WILL Policy Review | Wisconsin JFC Democrats Trying to Play Oprah With K-12 Budget Proposal

WILL Policy Review | Wisconsin JFC Democrats Trying to Play Oprah With K-12 Budget Proposal

A look at the education proposal released last week by Wisconsin Democrats reveals a party trying to play Oprah. Only, instead of giving away cars with her own money, Democrats want to give out money to school districts on the backs of Wisconsin taxpayers.  While its chance of passage is nil, it is useful to examine what Wisconsinites can expect if the Democrats ever regain control of the statehouse.

Implement Superintendent Ever’s Fair Funding Initiative.  The term “fair funding” sounds good on its face.  After all, who could oppose giving equal amounts of money to every student in the state?  The first part of the plan would guarantee a certain amount of state aid to every district, including those that currently receive almost none.  While the perception might be that this would help poor districts in desperate need of help, in reality this would be a boon for Wisconsin’s most property rich school districts.  This is because the current funding formula provides state aid on something of a sliding scale, with poorer districts receiving more than wealthier districts.  It is unclear why greater burden should be placed on state taxpayers for school districts that don’t need a boost.  A second aspect of the plan creates a 20% weight on funding for the number of students in poverty.  Rather than increasing equity, this “new math” would mean that a dollar in the suburbs is not treated the same as a dollar in Milwaukee.  All of this to fix a funding system that, while it could potentially be tweaked to some extent, isn’t broken in terms of equity.

Restore funding to low-spending districts beyond Republican proposals.  More than anything else, the Democrats proposal shows that Republicans will never be able to outspend Democrats. The Assembly Republican plan for low-spending districts already calls for increasing spending in low-spending districts from $9,100 per student to $9,800 per student—a $700 increase per student.  The evidence shows that there are diminishing returns on additional education spending.  Indeed, reasonable arguments can be made that the Republican proposal is already too much.  The Democratic proposal represents less a sound policy and more of a giveaway to school districts where voters have already rejected increased spending in many cases through referenda.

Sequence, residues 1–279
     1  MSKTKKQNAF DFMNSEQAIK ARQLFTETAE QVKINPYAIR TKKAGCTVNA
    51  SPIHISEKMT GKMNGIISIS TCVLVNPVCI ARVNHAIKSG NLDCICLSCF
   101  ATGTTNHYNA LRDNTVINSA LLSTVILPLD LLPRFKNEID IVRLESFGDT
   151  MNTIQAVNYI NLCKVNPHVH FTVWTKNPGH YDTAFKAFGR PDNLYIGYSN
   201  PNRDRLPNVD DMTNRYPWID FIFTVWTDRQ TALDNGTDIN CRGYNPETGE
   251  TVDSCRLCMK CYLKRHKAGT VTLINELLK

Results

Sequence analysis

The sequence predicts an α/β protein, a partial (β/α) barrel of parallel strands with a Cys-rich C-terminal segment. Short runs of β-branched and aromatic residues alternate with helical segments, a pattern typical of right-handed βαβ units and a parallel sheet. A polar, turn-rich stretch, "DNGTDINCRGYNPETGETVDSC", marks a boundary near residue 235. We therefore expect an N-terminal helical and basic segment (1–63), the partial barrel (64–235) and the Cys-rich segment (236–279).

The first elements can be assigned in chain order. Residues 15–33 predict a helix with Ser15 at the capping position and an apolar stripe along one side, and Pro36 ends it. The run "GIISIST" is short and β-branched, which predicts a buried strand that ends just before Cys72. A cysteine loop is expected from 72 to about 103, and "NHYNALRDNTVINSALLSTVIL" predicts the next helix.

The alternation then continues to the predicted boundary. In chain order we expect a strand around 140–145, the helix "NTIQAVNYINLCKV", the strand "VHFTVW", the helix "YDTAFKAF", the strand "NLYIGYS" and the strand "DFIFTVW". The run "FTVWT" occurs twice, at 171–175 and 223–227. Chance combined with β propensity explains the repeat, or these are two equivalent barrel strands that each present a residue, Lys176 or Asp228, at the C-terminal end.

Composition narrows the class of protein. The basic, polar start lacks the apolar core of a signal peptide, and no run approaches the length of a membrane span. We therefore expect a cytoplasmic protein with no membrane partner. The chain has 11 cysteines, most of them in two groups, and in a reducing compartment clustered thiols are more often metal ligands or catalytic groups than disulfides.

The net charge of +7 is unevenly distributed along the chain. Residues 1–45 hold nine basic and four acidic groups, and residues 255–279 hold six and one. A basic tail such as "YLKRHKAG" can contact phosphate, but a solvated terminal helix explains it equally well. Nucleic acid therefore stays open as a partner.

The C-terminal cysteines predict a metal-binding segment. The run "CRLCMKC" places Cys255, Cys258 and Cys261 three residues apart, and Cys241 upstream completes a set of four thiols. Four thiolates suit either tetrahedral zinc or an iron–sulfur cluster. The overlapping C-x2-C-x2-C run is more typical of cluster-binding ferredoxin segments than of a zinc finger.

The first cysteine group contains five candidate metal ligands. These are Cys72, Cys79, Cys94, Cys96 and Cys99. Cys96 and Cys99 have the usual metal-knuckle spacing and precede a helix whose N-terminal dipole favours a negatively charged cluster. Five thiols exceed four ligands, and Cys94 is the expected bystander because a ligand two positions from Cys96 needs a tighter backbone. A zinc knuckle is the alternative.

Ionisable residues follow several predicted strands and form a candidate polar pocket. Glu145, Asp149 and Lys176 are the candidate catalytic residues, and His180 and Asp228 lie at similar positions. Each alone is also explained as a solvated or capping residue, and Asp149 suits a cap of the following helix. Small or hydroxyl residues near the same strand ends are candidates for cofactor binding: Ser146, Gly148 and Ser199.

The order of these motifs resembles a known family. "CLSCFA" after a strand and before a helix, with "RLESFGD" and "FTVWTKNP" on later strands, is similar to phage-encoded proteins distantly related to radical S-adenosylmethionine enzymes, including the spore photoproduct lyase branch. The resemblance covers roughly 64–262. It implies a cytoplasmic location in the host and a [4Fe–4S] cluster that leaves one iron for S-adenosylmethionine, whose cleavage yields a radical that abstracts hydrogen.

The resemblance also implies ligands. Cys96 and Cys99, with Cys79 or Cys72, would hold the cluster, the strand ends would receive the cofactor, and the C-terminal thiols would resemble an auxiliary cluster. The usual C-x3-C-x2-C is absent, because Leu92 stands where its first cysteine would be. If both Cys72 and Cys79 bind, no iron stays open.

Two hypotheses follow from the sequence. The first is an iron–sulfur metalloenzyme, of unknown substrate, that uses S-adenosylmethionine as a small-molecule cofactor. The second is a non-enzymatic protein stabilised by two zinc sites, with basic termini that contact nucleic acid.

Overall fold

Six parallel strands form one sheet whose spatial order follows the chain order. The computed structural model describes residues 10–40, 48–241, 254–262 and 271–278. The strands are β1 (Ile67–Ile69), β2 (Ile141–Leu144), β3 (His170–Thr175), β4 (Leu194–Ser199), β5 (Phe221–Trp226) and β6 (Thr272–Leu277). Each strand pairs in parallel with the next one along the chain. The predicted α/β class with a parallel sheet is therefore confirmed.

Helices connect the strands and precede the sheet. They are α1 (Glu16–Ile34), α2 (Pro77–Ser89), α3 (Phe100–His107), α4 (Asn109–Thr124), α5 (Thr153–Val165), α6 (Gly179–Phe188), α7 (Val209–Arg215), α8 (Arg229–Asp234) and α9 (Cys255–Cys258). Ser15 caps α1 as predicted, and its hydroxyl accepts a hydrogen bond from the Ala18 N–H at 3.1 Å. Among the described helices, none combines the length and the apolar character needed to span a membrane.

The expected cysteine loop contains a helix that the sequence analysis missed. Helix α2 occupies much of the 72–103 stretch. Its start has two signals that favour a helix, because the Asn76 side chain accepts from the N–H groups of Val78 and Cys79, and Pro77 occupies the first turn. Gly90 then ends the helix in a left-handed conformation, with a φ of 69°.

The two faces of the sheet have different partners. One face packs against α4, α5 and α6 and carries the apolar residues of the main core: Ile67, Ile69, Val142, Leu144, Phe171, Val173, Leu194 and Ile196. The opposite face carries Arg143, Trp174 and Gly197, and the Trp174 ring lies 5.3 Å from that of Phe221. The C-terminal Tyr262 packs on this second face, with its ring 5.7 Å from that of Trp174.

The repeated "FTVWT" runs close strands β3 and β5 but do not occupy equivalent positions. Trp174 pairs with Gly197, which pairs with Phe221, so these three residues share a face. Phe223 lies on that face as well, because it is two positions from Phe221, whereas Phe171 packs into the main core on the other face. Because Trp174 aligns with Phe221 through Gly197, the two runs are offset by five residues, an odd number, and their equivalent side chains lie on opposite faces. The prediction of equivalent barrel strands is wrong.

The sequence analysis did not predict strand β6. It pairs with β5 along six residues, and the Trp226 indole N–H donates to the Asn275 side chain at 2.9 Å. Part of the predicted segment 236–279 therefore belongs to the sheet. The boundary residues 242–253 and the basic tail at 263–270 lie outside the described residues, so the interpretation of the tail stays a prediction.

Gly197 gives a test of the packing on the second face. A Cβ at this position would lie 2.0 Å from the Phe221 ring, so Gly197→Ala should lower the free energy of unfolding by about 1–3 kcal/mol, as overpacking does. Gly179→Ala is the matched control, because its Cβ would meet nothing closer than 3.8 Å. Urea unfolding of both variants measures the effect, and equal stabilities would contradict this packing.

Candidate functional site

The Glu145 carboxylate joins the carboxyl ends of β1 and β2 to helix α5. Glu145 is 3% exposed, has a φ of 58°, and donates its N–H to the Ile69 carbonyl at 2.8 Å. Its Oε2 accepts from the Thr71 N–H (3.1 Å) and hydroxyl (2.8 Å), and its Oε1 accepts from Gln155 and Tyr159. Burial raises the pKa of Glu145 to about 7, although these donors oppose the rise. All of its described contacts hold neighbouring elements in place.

Allow voters to determine if funding should be provided to choice schools.  This is perhaps the most insidious proposal included in the Democrats plan.  Funding for Wisconsin’s parental choice programs has become a boogeyman for the left, with the artificial specter that these programs take a larger and larger share of education dollars.  Despite the overheated rhetoric, spending on school choice programs constitutes just 2.41% of the state’s combined program and public K-12 expenditures according to recent work by EdChoice.   Moreover, school districts are already able to able to retain revenue (for kids they no longer educate) via property taxes.   It is unclear why Democrats believe that parents who simply want better opportunities for their kids should face any more scrutiny for their decisions than parents who stick with the status quo.

The Democrats K-12 education proposal isn’t going anywhere. It’s more of a campaign document for their 2018 races. Nevertheless, there appears to be consensus among Democrats that Wisconsin school districts not only need and deserve more money, but that they need a lot more. Unfortunately, no one is asking whether these new dollars will serve Wisconsin students in the way of better education outcomes.

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Will Flanders
Will Flanders
Will Flanders is the Education Research Director at the Wisconsin Institute for Law & Liberty. Together with the education policy team, Dr. Flanders will conduct econometric research on the application of WILL’s principals of freedom and liberty to the educational system in Wisconsin. As a graduate research assistant at Florida State University, Dr. Flanders was involved in research on a diverse array of topics from ranging from watershed policy and inter-organizational conflict to voting behavior and political psychology. He also has extensive experience outside of the “Ivory Tower,” having worked with a number of political campaigns, lobbyists and think tanks in Georgia and Florida. Dr. Flanders holds a Ph.D. in Political Science with a specialization in American Politics and Public Policy from Florida State University, as well as an M.S. in Political Science and an M.S. in Applied American Politics and Policy from the same school. He earned his B.A. from Valdosta State University in Georgia, his home state.
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